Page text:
Kotak Mahindra Bank and HDFC Bank have both proved successful in growth through acquisition. They also have strong financials that can help them scoop up targets. HDFC Bank bought Centurion Bank of Punjab and Times Bank. Kotak has been successful in gaining control over ING Vysya Bank, which helped it climb a few notches in the pecking order.
Kotak Mahindra may be keener to grow through acquisition than HDFC Bank. Kotak, more than a decade after becoming a bank, has a CASA (current account and savings account), of 47%. It is a vital ingredient for a bank’s growth. While it is 49% for Axis, it is half the deposits for ICICI Bank. “For Kotak Bank, it is an opportune time,” says Nomura Securities’ analyst Adarsh Parasrampuria. “A merger of Kotak and Axis Bank would make it the second largest private bank after HDFC Bank in terms of advances and also absolute CASA, and the largest in terms of the number of branches.”
Last year, Kotak made its first move on Axis Bank, but it did not materialise, as the government, through institutions like SUUTI and Life Insurance Corporation, controls 27.6% of the bank. HDFC Bank is unlikely to sit back and let an opportunity like this pass by, especially one that could make its rival Kotak stronger.
The Kamath Days
ICICI Bank and Axis may have fallen on bad times, but the two powerful women of Indian banking built and ran institutions that many could only envy. While ICICI Bank’s earlier incarnation, the Industrial Credit and Investment Corporation of India, was on par with the Industrial Development Bank of India, which is IDBI Bank now, and Industrial Finance Corporation of India, KV Kamath pulled it out of the rut and revolutionised Indian lending.
Under Kamath, who gave a free rein to executives to prove themselves, many thrived, including Chanda Kochhar and Shikha Sharma. ICICI became a leadership factory. Competition among top managers was intense. Former ICICI chairman N Vaghul recalls: “It is not that we had a programme or something like that. The executives grew because of their dedication and capabilities.”
When it came to Kamath’s successor, the choice narrowed to two — Kochhar and Sharma. The choice of Kochhar was also influenced by circumstances. “It was after the Lehman crisis,” recalls another former board member who did not want to be identified. “Chanda as CFO was unruffled and handled the crisis well. The board decided that it needed someone to stabilise the institution rather than grow aggressively. So, the vote went in favour of Chanda.”
Manager vs Builder
Although Chanda Kochhar and Shikha Sharma are birds of the same feather, they rarely flocked together. They are two contrasting personalities. At ICICI, Kochhar personified the focused, unshakable, non-risk-taking banker. Beneath her glacial calm were nerves of steel, which helped during the worst bank run in independent India, say colleagues past and present.
The complaint is that unlike Kamath, she is not inspirational and doesn’t give freedom to colleagues. After taking charge as CEO, she has stabilised ICICI Bank, listed two insurance subsidiaries and the brokerage and is on course to list the mutual fund as well. But the question is, what did she build new? Kochhar’s aversion to risk has resulted in meagre growth and lack of new businesses and ideas.
Sharma, meanwhile, thinks big, takes risks and has the reputation of building businesses, like the life insurance company at ICICI, when she headed it. She has a good people connect and is aggressive enough to try out unconventional ideas. The takeover of Enam and the growth of infrastructure lending capture her drive to prove. Her weakness? It is tough for her to come to terms with a situation where things haven’t gone according to plan.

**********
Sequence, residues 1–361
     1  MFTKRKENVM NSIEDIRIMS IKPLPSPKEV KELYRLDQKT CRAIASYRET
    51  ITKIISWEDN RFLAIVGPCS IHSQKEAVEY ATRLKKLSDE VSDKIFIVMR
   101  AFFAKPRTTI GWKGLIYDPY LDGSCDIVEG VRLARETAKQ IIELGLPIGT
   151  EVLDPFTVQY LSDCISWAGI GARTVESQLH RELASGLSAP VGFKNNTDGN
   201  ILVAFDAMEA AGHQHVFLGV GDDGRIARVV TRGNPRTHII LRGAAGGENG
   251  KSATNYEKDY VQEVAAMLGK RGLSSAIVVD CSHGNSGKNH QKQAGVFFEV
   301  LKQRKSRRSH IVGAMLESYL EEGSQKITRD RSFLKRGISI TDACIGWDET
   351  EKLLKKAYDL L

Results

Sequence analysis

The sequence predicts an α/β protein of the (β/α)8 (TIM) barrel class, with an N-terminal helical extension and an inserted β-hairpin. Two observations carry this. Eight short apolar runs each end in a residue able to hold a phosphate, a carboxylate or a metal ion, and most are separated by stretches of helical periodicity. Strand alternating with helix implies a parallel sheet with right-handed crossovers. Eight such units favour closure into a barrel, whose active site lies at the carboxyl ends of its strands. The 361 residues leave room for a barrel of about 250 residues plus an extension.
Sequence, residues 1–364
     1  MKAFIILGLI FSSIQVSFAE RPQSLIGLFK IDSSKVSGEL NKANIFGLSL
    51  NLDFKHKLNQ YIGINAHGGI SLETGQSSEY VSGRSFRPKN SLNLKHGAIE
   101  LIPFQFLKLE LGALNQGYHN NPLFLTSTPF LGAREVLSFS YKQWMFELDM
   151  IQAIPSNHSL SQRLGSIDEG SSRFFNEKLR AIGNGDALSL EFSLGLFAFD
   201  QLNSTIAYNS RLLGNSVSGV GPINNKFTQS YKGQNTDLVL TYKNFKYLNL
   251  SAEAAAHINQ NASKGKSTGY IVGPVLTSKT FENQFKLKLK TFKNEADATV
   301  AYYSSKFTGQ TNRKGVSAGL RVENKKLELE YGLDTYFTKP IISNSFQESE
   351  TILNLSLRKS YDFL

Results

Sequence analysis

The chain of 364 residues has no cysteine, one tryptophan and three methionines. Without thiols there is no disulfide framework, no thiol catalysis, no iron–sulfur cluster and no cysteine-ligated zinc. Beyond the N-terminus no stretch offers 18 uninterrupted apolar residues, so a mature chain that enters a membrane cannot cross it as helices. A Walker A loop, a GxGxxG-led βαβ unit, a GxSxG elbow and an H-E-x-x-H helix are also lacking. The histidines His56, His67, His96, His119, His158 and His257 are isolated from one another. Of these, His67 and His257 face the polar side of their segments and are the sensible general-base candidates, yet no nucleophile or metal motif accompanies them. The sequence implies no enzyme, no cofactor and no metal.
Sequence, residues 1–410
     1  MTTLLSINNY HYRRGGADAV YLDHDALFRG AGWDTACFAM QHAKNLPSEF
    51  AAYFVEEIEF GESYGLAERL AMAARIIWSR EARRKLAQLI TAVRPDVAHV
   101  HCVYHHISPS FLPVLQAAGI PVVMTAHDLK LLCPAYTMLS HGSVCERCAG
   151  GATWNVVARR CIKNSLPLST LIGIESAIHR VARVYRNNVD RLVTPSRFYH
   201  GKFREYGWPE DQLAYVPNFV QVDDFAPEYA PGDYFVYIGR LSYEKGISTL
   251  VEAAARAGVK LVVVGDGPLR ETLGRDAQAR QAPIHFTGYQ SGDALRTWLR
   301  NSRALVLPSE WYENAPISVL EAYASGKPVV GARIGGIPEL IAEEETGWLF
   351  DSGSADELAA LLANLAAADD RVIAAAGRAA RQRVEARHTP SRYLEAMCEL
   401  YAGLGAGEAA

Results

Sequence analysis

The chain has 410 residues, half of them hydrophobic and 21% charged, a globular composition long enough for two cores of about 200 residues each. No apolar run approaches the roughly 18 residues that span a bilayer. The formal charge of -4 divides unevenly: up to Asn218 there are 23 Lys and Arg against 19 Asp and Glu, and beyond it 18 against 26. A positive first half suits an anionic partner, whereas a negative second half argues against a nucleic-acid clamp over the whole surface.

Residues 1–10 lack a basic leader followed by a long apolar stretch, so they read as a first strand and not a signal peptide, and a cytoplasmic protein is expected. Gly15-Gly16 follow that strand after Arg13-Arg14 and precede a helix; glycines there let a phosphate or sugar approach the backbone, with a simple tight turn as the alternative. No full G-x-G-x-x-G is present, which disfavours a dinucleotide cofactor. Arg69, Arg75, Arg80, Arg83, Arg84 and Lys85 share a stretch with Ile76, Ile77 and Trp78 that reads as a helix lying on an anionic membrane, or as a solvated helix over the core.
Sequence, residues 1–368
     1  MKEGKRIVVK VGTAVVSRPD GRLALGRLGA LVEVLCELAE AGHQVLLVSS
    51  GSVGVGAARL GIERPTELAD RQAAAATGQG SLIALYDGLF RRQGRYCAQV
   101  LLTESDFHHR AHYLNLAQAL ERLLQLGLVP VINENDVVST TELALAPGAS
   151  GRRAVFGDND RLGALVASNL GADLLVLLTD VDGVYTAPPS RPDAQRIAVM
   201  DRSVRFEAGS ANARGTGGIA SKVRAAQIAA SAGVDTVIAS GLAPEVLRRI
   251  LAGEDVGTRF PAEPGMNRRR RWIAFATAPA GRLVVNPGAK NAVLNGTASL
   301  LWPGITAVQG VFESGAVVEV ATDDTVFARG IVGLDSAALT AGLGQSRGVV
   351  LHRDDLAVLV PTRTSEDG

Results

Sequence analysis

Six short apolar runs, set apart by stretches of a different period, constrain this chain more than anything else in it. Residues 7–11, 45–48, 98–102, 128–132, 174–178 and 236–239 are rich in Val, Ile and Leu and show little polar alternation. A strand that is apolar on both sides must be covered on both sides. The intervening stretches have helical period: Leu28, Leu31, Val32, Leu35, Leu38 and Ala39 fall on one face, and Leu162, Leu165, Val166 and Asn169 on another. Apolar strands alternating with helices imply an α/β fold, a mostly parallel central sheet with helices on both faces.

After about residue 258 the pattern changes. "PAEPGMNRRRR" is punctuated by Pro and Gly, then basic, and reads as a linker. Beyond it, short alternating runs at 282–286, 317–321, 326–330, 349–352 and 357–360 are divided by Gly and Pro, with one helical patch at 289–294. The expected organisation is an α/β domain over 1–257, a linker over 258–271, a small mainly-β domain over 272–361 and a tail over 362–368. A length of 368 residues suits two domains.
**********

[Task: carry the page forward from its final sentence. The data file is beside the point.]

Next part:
“Kochhar is emotionally balanced,” says a former director. “Sharma is prone to emotional breakdowns.” Even as the two fought for space while in ICICI, they “were graceful in their competition and never hostile to each other,” says a banker who worked with both. While Kochhar managed ICICI Bank, Sharma built Axis Bank.
Closing the Account
The RBI action has put an end to the banking career of Sharma by curtailing the fourth term to December this year, but there is uncertainty on what lies ahead for Kochhar. Even as Kochhar is holding on to her position despite calls to step down, at least temporarily, the investigative agencies are intensifying their probe.
An RBI report has said that it has not been able to convincingly establish quid pro quo between Kochhar family businesses and loans to Videocon. “You can say Chanda is unfriendly or that she doesn’t trust people around her, but you can never ever question her integrity,” says a retired executive.
It is not clear what the Central Bureau of Investigation or the Enforcement Directorate has up it sleeves, but the probe is likely to carry on beyond her current term, which ends in March. The question is, when many other banks have given loans, as part of a consortium, to Videocon, can Kochhar be singled out?
“In this case Chanda can be accused of impropriety, not corruption,” says a person who had once served on ICICI’s credit committee. “The loan to Videocon would have gone through anyway since it was part of a consortium, but she could have disclosed the business dealings.”
When bankers face potential conflict of interest cases, they make disclosures and recuse from key decisions. It doesn’t mean the bank has to forego that business. There are examples in ICICI Bank itself. A former employee recalls instances where former chairman Vaghul’s brother, who used to run a small business, would apply for loans. Even though the amount was small, Vaghul would not be anywhere around.
ICICI has been quite wary about conflict of interest. Decades ago, when it learnt that in its dispute with the National Rayon Corporation, the brother of its counsel was appearing for the other side, it pulled out its inhouse counsel. For Sharma, regulatory backlash is due to bad performance, which can come to haunt most of the bank CEOs in the country. For now, two bankers, whose inspiring professional stories had transcended banking, risk being remembered very differently. economictimes